Correcting the decline of collaborative learning


The last year with Learning Together: Drs Amy Ludlow and Ruth Armstrong on why it works

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Graduation day at HMP Grendon

“[Learning Together] made me realise my world was small. I knew a few people on a few streets. I thought universities and places like that were spaces I couldn’t go to. But now I realise I can go there. I can exist outside of my small world.” Eugene, Learning Together graduate

Learning Together draws on a long British history of people in prison and at university learning from each other. Until recently, these practices have been on the decline in England and Wales, while they have been on the rise in the USA. Correcting this trend, but drawing explicitly on the British context of prison-university partnership working, the first Learning Together course began between HMP Grendon and the University of Cambridge in January 2015.

Prison Watch UK has watched Learning Together grow over the last year and seen first-hand the pilot initiative at HMP Grendon. Writing for Prison Watch UK, founders and directors of the scheme, Drs Amy Ludlow and Ruth Armstrong evaluate the pilot, explain the theory behind their practice and outline what the future holds for Learning Together.


Individually and socially transformative

Intellectual friendships, forged through studying together, were individually and institutionally transformative, and have the potential to be socially transformative. The pilot initiative at HMP Grendon found. Students described a broadened sense of social belonging through the Learning Together community, which reshaped understandings of themselves and others, and opened up new routes of personal growth and future becoming.


Routes into higher education

Learning Together partnerships seek to provide routes into higher education for graduates who would like to go to university after being released from prison or wish to continue their studies at a higher level in prison. For example, a PhD student in HMP Full Sutton has secured doctoral supervision from Leeds Beckett University as a result of the prison and university’s partnership.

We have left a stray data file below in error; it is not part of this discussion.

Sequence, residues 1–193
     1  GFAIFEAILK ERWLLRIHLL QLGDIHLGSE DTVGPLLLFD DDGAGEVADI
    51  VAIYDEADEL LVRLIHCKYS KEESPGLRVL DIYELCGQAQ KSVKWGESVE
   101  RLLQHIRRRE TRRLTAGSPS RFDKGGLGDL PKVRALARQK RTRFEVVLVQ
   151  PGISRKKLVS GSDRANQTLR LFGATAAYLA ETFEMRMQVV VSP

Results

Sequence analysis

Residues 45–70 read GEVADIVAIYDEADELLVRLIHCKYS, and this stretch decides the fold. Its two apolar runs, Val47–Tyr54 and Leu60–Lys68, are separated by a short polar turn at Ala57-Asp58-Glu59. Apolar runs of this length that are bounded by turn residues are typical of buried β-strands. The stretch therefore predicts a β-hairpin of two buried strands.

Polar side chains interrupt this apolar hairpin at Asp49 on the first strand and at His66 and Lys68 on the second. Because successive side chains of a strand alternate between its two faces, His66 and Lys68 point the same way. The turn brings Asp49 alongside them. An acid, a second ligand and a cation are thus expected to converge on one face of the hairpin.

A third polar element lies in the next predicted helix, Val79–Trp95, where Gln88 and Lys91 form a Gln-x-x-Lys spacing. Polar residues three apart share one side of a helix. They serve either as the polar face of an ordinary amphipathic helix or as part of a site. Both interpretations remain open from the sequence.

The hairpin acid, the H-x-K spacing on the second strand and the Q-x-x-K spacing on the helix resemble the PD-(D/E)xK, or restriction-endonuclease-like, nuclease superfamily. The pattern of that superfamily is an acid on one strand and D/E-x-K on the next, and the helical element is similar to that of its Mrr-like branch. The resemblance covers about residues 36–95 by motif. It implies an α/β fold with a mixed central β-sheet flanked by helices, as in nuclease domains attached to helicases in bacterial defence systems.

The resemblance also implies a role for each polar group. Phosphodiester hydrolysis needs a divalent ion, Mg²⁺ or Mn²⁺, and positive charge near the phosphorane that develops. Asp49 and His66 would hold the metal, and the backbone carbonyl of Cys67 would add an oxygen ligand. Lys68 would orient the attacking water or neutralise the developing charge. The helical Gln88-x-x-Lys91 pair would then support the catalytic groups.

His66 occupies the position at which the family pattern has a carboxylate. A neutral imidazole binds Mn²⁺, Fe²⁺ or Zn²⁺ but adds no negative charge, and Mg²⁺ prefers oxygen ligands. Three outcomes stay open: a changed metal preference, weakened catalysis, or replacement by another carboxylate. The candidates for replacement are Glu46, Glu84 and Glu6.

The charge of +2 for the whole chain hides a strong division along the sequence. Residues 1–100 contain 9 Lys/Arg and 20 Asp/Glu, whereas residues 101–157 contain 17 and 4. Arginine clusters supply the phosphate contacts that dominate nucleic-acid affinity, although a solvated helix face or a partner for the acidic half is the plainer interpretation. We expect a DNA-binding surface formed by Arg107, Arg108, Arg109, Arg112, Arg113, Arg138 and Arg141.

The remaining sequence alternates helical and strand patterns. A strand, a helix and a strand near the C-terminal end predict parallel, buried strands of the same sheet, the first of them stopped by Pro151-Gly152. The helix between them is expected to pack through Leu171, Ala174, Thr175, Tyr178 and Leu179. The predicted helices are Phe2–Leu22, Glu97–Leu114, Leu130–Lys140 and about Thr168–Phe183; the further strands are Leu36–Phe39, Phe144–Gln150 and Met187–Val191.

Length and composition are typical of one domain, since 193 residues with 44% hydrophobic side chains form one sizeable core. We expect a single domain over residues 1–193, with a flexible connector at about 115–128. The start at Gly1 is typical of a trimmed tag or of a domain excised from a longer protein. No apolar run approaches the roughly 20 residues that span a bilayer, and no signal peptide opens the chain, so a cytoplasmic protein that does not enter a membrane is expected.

From the classroom to graduation

Within the prison, Learning Together courses involve the same number of university based and prison based students gathering together to enjoy an interactive lecture followed by a discussion of the lecture and two pre-readings in small groups. Each small group is facilitated by an early career academic and a Learning Together graduate mentor. One week is dedicated to a writing workshop, and one to a group project where small groups join together. Each student writes a reflective essay that is double blind marked. The graduation ceremony is open to students’ family and friends, offender managers and supervisors and other officials from the university, prison and wider community. The ceremony’s design draws upon Shadd Maruna’s research on re-entry rituals; providing the sort of experience and environment that draws on people’s strengths and helps people to succeed post-release.


The theory behind the practice

Underpinning the design and delivery of Learning Together partnerships are three areas of criminological, sociological and educational theory.

Intergroup contact

Intergroup contact theory establishes that meaningful interactions can be important to reducing prejudices.

Desistance theory

This is linked to desistance theory, which recognises that undermining stigma can support a positive mindset which in turn can help people to move into non-offending futures.

Growth mindset

Finally, educational theory tells us that a growth mindset is important to achieving our potential, and is best supported when other people recognise potential is malleable and provide opportunities for growth.


The core values

Five core values flow from this theory, and underpin Learning Together courses:

  • equality
  • diffuse power
  • a belief in potential
  • connection through shared activities
  • the power of togetherness.


What does the future hold?

Being grounded in theory makes Learning Together a distinct partnership offering, because it means difficult questions about practices can be thought through in light of the robust research evidence that underpins the design of the course. In 2016-17, Learning Together will expand to 12 new prisons and universities, including the High Security Estate, the women’s estate and YOI’s.


Further evaluation of the Learning Together pilot can be found in the Prison Service Journal, here.

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